Dan Gottlieb: And so essentially they’ve, they’ve basically like, Paused a lot of stuff selling right now, but they are only focusing on turning their sellers into like value, add resources around they’ve literally turned them into a journalist. And the only thing that they’re even meeting with these folks on are sharing like mini assessment templates that they can use to figure out whether or not they actually need to think about the collections process differently for postcode, but. You know, and so that’s an example. They’re just giving, giving, giving, giving, giving.
There’s no expectation of getting anything in return. And I think that’s going to be really hard from a messaging standpoint for a lot of sellers to understand, right. Because it’s so counterintuitive
Andy Paul: Well, yeah, well, it’s surf kicking as you’re talking, sort of struck me as it’s like, you have to look at. More of your opportunities, even if you’re a little more transactional, you have to look at more of your opportunities, like major accounts. Where what you’re doing is you’re investing the time to help them. And this, this is an area of focus. I think that that’s going to be difficult for some sellers, is to help them and you brought this word up is help them decide, not decide, but choose how they want to solve the problem that they’ve got. And unfortunately we tend to train sellers these days. If you look at decision making in two steps, is people first choose how they want to solve the problem.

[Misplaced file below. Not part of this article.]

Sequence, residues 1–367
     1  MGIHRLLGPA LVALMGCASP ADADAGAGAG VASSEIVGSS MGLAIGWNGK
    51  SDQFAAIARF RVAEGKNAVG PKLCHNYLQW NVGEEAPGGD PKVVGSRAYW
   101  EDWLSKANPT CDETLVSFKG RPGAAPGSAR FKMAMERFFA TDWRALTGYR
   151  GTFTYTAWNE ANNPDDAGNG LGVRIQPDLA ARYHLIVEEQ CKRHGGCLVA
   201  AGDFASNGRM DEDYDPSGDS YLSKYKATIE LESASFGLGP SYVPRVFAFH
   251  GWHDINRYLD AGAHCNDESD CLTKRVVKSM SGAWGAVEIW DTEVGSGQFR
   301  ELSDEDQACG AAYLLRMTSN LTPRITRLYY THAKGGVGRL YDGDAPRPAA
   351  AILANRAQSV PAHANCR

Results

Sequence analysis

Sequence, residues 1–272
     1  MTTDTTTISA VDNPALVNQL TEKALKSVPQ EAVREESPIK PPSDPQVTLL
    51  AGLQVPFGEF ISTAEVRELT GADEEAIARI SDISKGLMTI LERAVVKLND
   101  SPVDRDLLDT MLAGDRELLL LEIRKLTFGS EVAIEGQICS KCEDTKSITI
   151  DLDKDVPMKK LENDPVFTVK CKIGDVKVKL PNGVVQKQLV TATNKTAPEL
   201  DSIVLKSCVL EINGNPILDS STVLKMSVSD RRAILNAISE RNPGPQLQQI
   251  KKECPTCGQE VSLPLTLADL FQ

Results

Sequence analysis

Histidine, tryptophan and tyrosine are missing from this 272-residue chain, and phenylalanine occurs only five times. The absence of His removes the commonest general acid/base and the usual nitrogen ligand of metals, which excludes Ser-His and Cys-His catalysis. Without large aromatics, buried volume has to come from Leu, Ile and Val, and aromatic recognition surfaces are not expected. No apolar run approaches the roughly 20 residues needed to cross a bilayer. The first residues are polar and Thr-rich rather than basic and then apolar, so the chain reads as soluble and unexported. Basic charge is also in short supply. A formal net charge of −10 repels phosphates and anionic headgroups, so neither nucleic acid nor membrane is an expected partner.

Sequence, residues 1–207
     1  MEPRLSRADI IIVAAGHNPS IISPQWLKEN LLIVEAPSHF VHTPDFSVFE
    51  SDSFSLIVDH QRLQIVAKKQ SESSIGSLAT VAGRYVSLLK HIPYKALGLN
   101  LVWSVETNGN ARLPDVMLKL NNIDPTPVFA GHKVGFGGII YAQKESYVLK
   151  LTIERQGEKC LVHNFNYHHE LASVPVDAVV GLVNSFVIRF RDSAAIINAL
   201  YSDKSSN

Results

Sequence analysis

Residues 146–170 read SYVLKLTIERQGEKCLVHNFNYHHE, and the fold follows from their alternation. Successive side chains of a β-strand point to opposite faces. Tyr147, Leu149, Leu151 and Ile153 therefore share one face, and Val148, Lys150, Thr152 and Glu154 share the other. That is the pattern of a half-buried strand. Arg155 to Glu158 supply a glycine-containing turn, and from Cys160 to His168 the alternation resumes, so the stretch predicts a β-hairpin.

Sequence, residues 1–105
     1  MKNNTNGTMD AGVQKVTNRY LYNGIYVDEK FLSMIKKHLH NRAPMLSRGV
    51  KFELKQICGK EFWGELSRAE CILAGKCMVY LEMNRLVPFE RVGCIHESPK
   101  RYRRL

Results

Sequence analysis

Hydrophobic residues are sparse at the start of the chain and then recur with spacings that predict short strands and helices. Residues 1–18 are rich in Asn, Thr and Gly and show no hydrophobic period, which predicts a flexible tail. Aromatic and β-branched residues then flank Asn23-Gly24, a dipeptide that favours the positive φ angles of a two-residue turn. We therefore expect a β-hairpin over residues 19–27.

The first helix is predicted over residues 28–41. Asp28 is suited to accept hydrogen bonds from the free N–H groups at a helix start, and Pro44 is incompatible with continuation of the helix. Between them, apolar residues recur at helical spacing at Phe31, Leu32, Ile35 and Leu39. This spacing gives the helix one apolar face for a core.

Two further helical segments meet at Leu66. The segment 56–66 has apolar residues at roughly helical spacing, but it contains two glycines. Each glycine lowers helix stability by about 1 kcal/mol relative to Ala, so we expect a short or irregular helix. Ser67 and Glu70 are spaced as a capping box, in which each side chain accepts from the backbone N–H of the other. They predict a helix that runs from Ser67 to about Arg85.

Second, they then decide who they want to solve it with. Is we orient our training and our focus and our processes oftentimes on helping our sellers just try to focus on that. Decide part after the customers are sort of chosen how they want to. Solve it. And if you’re on the outside looking in, when the customer says, well, this doesn’t, we’re going to find, this is how we’re going to find, how are we going to solve this problem?